In some ways Christmas and New Years Day are summed up in the traditional anthem Auld Lang Syne, a tune that always brought tears to my husband’s grandmother’s eyes. It was the last song she heard as she and her family set forth to travel across the ocean from Great Britain to the United States of America. She would build a wonderful life here in this country, but she would never again see her beloved England and the friends and relatives that she left behind. Much like a new year the memory of that moment was bittersweet, simultaneously evoking both hope and sadness.

I know that regardless of what may happen in the coming months I will be fine. I have experienced both the trials and tribulations of living again and again. I have the strength to face both the good and the bad. I will carry on because I know that when December rolls around again I will be reminded of the love that has always been part of my life. 

A Model of Love and Goodness

Linda and Bill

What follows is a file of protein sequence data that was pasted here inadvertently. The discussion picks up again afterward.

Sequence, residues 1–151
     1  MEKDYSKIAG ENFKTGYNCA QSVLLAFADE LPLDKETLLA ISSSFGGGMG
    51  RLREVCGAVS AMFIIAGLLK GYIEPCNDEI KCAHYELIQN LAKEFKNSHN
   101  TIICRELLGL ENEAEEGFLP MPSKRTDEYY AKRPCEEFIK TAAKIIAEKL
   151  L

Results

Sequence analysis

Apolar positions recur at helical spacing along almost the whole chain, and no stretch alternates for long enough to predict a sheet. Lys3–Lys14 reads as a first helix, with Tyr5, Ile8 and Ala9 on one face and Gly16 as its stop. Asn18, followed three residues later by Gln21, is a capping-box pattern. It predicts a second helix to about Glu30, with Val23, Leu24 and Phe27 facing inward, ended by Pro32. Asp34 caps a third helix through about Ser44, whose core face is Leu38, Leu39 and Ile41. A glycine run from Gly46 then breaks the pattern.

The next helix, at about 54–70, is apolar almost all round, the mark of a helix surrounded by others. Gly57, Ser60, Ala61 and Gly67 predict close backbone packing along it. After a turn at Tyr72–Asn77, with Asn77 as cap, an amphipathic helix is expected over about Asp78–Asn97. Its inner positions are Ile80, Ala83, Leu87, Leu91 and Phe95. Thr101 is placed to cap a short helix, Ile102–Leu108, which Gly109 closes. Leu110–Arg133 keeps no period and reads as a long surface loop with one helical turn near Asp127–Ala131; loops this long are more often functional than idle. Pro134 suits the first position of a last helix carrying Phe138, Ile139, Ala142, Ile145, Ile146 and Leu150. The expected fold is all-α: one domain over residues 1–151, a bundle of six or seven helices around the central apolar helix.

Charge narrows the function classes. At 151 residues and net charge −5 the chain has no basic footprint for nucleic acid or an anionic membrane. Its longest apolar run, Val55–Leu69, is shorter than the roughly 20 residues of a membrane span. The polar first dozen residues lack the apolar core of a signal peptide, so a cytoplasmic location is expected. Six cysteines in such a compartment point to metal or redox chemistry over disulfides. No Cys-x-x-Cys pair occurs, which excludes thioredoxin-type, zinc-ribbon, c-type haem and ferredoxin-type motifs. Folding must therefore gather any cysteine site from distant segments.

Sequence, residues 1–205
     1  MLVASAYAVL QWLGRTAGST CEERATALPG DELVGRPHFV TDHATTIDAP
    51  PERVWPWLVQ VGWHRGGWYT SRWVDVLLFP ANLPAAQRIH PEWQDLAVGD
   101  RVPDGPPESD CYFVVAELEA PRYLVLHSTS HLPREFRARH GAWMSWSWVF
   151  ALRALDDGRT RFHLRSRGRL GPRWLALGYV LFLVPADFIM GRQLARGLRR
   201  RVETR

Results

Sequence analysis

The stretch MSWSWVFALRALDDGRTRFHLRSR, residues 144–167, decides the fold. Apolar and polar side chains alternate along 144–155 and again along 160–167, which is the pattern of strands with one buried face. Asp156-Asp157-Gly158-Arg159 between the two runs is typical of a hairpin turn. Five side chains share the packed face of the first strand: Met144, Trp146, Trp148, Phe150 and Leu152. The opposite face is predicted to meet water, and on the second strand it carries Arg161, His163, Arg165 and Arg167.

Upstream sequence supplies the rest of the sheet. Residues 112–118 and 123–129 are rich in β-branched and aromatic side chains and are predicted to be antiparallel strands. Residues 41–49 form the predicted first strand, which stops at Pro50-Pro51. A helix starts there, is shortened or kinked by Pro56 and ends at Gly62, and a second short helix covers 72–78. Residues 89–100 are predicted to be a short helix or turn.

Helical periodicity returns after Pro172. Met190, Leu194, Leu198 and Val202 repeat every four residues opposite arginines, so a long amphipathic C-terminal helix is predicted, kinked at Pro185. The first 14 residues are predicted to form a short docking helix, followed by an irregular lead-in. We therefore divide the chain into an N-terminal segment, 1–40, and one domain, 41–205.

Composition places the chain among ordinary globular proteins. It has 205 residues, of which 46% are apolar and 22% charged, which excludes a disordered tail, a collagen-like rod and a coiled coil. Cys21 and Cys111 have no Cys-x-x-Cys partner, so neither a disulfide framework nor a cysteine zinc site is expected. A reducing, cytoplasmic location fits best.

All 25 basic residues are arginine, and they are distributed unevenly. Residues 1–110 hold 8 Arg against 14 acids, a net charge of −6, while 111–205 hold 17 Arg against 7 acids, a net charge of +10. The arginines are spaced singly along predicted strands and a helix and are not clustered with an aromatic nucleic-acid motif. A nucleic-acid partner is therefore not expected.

I grew up in a neighborhood that was a kind of village where everyone knew everyone else. Many of us attended the same churches and schools and even shopped at the same stores. Our childhoods were spent in an innocent kind of time and place where children felt free to roam from one end of the area to another under the watchful eyes of adults who discretely insured our safety. It was a different kind of era devoid of electronic devices, hundreds of television channels, cell phones and video games. Our moms usually stayed home to care for their families unless they, like mine, were the heads of the households or they were more progressive for the times. Marriages were for the long term and divorce was somewhat rare, at least in our little neck of the woods. If there were problems we kids rarely heard of them. We were somewhat isolated from the troubles of the world, and didn’t have to face many of them until we were old enough and mature enough to handle them. It was a great way to grow up, and many of our childhood friendships continue many decades later.